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Deblovestoread
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Pickpick

Thanks to #20in4 I finished the tagged book in time for today‘s discussion with the #LiteraryCrew group. It covers a lot of historical ground from 1938 - 2005 of one Chinese family beginning with the War of Aggression between China and Japan. I loved the character Meilin but Renshu felt a little flat to me. The tension he lived with wasn‘t fully realized IMO.

Librarybelle Glad it was a pick for you! 8h
Andrew65 That‘s brilliant, thanks for playing along 👏👏👏🙌🥳🍾🥂🥰📚 7h
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AllDebooks
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#20in4

Goals accomplished ✔️
Peach Blossom Spring - still processing this amazing novel for #literarycrew #buddyread 😍 @Librarybelle
The Night Watchman- finished my choice for #AAM hosted by @Soubhiville
Catching up with the #Pemberlittens on the tagged

Great conclusion to the months reads @Andrew65

Andrew65 That‘s brilliant, thanks for playing along 👏👏👏🙌🥳🍾🥂🥰📚 The readathons always help my reading, especially at the month end. 7h
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Librarybelle
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It is time for this month‘s discussion of the #LiteraryCrew #BuddyRead . I have 6 questions posted under the spoiler - you can find them on my feed, through the book‘s feed, or by searching the hashtags. If there is anything else you wish to discuss with the group not covered by the questions, comment below!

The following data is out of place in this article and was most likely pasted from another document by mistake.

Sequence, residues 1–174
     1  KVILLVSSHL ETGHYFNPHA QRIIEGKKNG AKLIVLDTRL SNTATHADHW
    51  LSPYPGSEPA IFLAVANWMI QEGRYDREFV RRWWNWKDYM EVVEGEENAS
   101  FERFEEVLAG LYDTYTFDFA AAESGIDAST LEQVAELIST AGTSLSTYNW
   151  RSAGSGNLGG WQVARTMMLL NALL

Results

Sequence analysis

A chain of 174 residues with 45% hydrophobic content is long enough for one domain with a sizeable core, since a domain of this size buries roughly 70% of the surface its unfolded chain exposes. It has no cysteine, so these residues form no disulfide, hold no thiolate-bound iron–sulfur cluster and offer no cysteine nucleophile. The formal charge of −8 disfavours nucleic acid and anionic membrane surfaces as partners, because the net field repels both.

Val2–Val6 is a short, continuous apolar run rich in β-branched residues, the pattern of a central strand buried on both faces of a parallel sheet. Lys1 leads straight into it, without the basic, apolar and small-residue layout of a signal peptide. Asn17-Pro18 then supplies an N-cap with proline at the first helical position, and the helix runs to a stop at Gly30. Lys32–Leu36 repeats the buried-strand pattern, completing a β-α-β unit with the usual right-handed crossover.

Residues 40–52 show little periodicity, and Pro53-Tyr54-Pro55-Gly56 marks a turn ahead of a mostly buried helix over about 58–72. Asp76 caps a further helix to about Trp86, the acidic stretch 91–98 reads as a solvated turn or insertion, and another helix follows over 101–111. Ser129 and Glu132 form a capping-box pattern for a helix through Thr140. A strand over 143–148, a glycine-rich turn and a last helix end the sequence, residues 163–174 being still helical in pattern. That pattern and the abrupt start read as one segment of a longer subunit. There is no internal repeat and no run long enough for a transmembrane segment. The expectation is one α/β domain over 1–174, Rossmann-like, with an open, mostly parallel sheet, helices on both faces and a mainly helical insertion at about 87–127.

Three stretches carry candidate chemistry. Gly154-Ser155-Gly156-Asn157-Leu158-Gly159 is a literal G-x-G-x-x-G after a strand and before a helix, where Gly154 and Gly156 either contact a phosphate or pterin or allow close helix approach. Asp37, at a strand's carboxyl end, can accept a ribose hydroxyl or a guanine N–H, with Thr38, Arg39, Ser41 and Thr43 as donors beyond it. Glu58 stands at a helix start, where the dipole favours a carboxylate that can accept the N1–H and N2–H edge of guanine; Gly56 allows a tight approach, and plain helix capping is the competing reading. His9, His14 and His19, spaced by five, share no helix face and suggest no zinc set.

Also, next month‘s book is Matrix by Lauren Groff. If you have not already asked me to tag you for the posts, let me know below! Thanks!!

julieclair I will be a few days late to the discussion this month, but really looking forward to it. My hold for Matrix just came in today, so I‘m all set for February! 17h
Bklover I‘m like @julieclair - I‘m still a few days out. I‘ll check back to the discussion as soon as I finish. 15h
mrp27 Picked up Matrix from the library so I‘m all set for February. 13h
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PurpleyPumpkin I‘m hoping to finish this by the weekend. 😅 I‘ll be sure to check back then. Thanks for posting the questions! 13h
janeycanuck I finished up on Sunday! Heading off to the questions now 😊 6h
Librarybelle I‘m behind with reading too, @julieclair @Bklover @PurpleyPumpkin …hopefully soon! 5h
Librarybelle So glad you‘re ready for February, @julieclair @mrp27 ! 5h
52 likes8 comments
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Librarybelle